The spammer then sits back, relaxes after doing his 5 minutes of work. If anyone gets caught for sending spam it’ll be the home user, not him. The home user is ignorant of what’s going on. The hacker made his money and will do it again. And the cycle repeats again after a few days.

botnet percentageSo how much spam are we talking about?

The largest botnet in operation in June 2009 is sending 74 million spam emails a day, all of this from people’s home computers. That’s a lot of spam.


What can you do?

Don’t let your own computer become part of a botnet. Use a good antivirus product, scan for malware, and fix up any problems.

Web Sites That Ask For Your Other Passwords

Social web sites are all the rage these days, such as Facebook, MySpace, Twitter, and there are hundreds of less popular ones as well. The idea with them is that all your friends and family can join and you can share aspects of your life such as photos and comments.

mystery cubeOften these same sites will ask for other passwords, in an effort to help you find more of your friends and family. For example, when you sign up to it asks you for your MSN username and password. They do this so they can log into MSN with your account, get a list of your contacts, and invite them to join Badoo. Facebook can do this too only on a grander scale.

It’s good in theory but there are some large risks involved. When you sign up and are prompted to enter your MSN details (or any other account), consider these questions:

  • Who runs Badoo? Is it some guy sitting at home with no one to answer to?
  • Do you trust the company (such as Badoo) and all of their employees?
  • What is their privacy policy? Who are they accountable to if they breach their privacy policy?
  • Do they store your MSN password? (You have no way of knowing this for sure)
  • Have their servers been hacked and is someone else also capturing your password? (Again you have no way of knowing this, web sites get hacked every day)

You can see where this is leading. If you enter your other passwords into someone’s web site you’ve lost control and put yourself at some risk.

So when you sign up to a new site and it asks you for other passwords you already have, your initial reaction should be to refuse. Then consider if the benefits of doing so are worth the risk.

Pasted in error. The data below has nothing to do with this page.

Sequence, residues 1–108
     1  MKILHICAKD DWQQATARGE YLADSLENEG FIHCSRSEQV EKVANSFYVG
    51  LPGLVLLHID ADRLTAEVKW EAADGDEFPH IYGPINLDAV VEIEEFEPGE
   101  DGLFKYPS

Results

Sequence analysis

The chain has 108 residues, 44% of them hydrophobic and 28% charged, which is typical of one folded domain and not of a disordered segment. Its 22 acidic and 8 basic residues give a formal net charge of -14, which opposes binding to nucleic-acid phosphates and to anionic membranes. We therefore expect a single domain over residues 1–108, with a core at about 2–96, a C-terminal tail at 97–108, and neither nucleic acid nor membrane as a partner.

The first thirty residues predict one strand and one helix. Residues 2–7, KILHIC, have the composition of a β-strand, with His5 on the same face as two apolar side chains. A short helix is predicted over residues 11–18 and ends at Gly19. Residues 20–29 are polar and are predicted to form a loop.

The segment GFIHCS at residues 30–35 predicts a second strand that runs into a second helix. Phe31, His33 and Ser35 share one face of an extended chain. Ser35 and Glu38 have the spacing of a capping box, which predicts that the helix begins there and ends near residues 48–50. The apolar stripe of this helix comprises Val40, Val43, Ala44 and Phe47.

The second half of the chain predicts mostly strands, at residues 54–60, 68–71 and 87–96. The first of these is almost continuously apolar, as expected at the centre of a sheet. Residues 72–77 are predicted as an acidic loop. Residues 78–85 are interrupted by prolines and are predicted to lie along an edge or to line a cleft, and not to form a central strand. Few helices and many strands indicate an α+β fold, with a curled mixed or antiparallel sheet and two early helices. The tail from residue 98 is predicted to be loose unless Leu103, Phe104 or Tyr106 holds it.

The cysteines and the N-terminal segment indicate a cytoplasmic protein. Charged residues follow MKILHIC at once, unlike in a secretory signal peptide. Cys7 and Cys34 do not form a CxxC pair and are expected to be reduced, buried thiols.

I’d like to thank our regular reader Nick for bringing this issue up.

Fake Anti-Virus

There are many fake anti-virus products out there, they try to convince you there’s something wrong with your PC or Mac then either ask you for money to fix it or install real viruses.

This new one’s the kind that asks you for money, it’s called System Security. It begins when you download the program believing it’s a new anti-virus product. It’s designed for Windows PCs.

System Security

When you install it, it pretends to scan your PC, then informs you it found a whole lot of malware on your PC including viruses, adware and spyware. This part is meant to scare and shock you.

Then it does something truly evil, it stops you doing anything on your PC until you “activate” the anti-virus. And by activate they mean pay them money. So at this stage the only thing you can do with your PC is go to the scammer’s website (which looks nice and professional), hand over your credit card details, and they’ll supposedly make your PC work again.

If you happen to download and install this fake product and it blocks your PC from working, don’t give them your credit card details or otherwise pay for it to be unlocked. You will be able to boot your PC in Safe Mode – ask for a PC technician to help you with this if necessary. You’ll then be able to remove the fake anti-virus.

This highlights the importance of using a good anti-virus product, one that’s known and respected in the IT industry. I generally try not to recommend one product over another but below are some of the trusted anti-virus companies available today:

  • Trend Micro
  • Symantec / Norton
  • McAfee
  • F-Secure
  • AVG

There are many more and the market’s always changing. Feel free to write about your preferred products in the comments below. These days you can buy them online or walk into a computer store and buy one.

Windows 7 RC on BitTorrent

Windows 7 Release Candidate (RC) was released recently by Microsoft. It’s free for anyone to download and test it before the final version’s finished. A few days before the official release someone posted a copy on a BitTorrent network. Unfortunately this copy was infected with a trojan that downloads more malware. This is very bad. When you install an operating system such as Windows you have to trust the installation. If you can’t trust the operating system then you shouldn’t be using it. dark stranger What’s wrong with Torrents?

  • Don’t download Windows from file sharing systems such as BitTorrent. Get it from Microsoft or one of their vendors.
  • If you download free operating systems such as Linux from torrents know how to do a checksum test.
  • Don’t use pirated software. Apart from being immoral and illegal, pirated software is often plagued with malware.

What if you already downloaded Windows 7 RC from BitTorrent? The safest thing to do is to download it again from Microsoft’s site, reformat your PC, and reinstall the official version. It can be safely downloaded from: As a side note I’d like to point out that Windows 7 RC is a test version, it’s not the finished product. And while it’s free for now it has a couple of restrictions:

  • on 1 March 2010 it will start rebooting every 2 hours
  • on 1 June 2010 it will completely stop working.

Update: There are now 25,000 PCs infected with the malware as a result of downloading the wrong copy of Windows 7 RC. These 25,000 PCs are being controlled by hackers as part of a botnet.